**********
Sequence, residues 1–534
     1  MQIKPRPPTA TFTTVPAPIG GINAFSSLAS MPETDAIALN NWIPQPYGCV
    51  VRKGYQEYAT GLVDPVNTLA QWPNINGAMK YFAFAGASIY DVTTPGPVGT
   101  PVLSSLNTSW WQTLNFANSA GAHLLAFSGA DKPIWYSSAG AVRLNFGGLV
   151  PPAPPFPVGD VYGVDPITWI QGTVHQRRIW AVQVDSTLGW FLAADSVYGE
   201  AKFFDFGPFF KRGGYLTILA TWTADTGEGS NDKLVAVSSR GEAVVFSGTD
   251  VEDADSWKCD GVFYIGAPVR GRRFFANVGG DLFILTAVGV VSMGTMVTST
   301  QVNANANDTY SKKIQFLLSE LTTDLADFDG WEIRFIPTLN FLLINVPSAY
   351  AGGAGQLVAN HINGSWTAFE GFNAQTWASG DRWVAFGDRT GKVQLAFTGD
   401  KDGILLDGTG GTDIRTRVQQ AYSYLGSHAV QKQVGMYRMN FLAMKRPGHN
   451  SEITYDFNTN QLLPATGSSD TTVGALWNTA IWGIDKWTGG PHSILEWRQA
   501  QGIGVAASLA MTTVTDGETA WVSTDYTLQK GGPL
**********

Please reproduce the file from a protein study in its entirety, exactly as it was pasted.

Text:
Sequence, residues 1–534
     1  MQIKPRPPTA TFTTVPAPIG GINAFSSLAS MPETDAIALN NWIPQPYGCV
    51  VRKGYQEYAT GLVDPVNTLA QWPNINGAMK YFAFAGASIY DVTTPGPVGT
   101  PVLSSLNTSW WQTLNFANSA GAHLLAFSGA DKPIWYSSAG AVRLNFGGLV
   151  PPAPPFPVGD VYGVDPITWI QGTVHQRRIW AVQVDSTLGW FLAADSVYGE
   201  AKFFDFGPFF KRGGYLTILA TWTADTGEGS NDKLVAVSSR GEAVVFSGTD
   251  VEDADSWKCD GVFYIGAPVR GRRFFANVGG DLFILTAVGV VSMGTMVTST
   301  QVNANANDTY SKKIQFLLSE LTTDLADFDG WEIRFIPTLN FLLINVPSAY
   351  AGGAGQLVAN HINGSWTAFE GFNAQTWASG DRWVAFGDRT GKVQLAFTGD
   401  KDGILLDGTG GTDIRTRVQQ AYSYLGSHAV QKQVGMYRMN FLAMKRPGHN
   451  SEITYDFNTN QLLPATGSSD TTVGALWNTA IWGIDKWTGG PHSILEWRQA
   501  QGIGVAASLA MTTVTDGETA WVSTDYTLQK GGPL